Generally, registering trademarks is a complex activity. The first place to look www.uspto.gov/trademarks which can be overwhelming at first glance. Cory recommends hiring a lawyer to help you through this process.

Trademarks are an extremely important thing to do to protect your brand but make sure you are confident in your logo and business name before you begin the process. 

What are my rights as an independent contractor? 

This answer is jurisdictionally based. Each state has it's own laws protecting independent contractors so to learn more about your specific state, take some time and read up on the laws surrounding independent contractors. 

Does the creation of an LLC protect my personal assets if I am the only one in my yoga teacher business?

Yes. The way an LLC works is that it is a creation of a separate legal entity and so long as all the relationships are entered into it on behalf of that LLC then the LLC is liable to the extents of the assets that are contained within the LLC. The number of people is irrelevant. 

What do we need to add to our liability waivers as a result of COVID/Vaccines? 

There are a few ways Covid & Vaccines play into yoga law. One of the ways you can protect yourself if by adding it to the activities section if the waiver of liability.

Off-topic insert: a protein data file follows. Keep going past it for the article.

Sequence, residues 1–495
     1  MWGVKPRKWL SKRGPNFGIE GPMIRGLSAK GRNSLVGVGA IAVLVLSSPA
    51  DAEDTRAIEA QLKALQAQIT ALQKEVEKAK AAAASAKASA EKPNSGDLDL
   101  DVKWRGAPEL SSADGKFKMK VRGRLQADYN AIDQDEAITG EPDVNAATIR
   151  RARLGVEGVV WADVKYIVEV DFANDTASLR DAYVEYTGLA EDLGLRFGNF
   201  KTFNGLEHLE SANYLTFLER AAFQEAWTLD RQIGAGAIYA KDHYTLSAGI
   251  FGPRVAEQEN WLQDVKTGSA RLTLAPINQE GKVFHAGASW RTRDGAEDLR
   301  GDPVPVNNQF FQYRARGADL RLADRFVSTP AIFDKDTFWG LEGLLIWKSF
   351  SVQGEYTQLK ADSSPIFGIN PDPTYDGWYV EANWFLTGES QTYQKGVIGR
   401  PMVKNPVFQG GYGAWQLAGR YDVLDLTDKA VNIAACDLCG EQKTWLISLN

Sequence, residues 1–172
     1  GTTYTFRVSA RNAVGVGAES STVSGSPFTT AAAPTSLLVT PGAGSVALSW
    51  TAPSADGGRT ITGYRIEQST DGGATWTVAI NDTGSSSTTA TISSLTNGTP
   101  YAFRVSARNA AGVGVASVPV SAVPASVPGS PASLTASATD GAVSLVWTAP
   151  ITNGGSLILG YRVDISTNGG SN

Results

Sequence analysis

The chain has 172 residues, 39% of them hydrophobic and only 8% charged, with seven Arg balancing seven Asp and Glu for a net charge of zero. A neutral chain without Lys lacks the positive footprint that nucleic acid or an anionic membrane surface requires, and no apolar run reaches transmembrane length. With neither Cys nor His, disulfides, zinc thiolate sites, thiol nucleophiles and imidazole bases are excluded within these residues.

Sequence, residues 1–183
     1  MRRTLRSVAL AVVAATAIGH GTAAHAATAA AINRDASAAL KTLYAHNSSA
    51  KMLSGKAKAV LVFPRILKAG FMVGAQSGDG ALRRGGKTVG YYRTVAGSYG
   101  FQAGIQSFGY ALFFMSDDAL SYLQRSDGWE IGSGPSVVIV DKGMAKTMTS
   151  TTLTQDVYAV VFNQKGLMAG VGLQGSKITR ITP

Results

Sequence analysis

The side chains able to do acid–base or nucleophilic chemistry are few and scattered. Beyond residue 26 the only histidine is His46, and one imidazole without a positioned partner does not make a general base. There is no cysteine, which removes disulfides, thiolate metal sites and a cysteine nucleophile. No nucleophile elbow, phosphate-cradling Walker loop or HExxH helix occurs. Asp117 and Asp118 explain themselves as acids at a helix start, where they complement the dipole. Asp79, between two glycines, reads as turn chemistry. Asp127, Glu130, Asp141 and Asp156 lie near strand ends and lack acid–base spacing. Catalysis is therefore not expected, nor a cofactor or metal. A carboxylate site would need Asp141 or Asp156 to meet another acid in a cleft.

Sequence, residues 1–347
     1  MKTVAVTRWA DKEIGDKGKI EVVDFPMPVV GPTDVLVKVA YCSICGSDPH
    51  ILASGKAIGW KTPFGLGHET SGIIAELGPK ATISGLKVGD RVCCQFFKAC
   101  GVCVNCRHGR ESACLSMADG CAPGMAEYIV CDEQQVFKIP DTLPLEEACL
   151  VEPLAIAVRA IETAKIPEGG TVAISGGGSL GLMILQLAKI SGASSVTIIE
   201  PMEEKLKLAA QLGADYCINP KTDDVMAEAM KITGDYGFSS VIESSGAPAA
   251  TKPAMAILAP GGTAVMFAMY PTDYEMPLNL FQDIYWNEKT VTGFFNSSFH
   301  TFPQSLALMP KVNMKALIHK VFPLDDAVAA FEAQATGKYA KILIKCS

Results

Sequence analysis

Service agreements also can play a part in protection. Create and outline how you will go about handling situations that COVID or another communicable disease could affect normal operating procedures. For example, an employee tests positive. What are the expectations of the studio & employee to keep everyone safe? Create an employee handbook with all these agreements. 

If I am a private yoga instructor operating out of a fitness studio as an independent contractor, do I need a waiver of liability in addition to the one the studio has?

The privacy policy reminds me of HIPPA. Also am I responsible for protecting payment info taken electronically? 

HIPPA will most likely not apply to what you do as a yoga teacher and that is because HIPPA is specifically designed for medical professionals who either provide medical services or who are referred to by other medical professionals. 

If you are a yoga teacher and people are coming to you and buying memberships & private lessons HIPPA will not apply but privacy policies do. 

How To Be Fully Protected

At beYogi we support the first line of defense which is having your legal documents prepared. When you are building these we highly recommend researching and communicating with a legal professional to guarantee the best protection for the activities you offer your students. Check out Conscious Counsel for all your yoga law needs. 

In addition, we suggest purchasing a yoga liability insurance policy to provide the safety net to protect your career & assets in the event an accident does occur and a claim in made. Here at beYogi we provide top rated yoga insurance offering coverage in the United States for online, in-studio, outside, and at-home.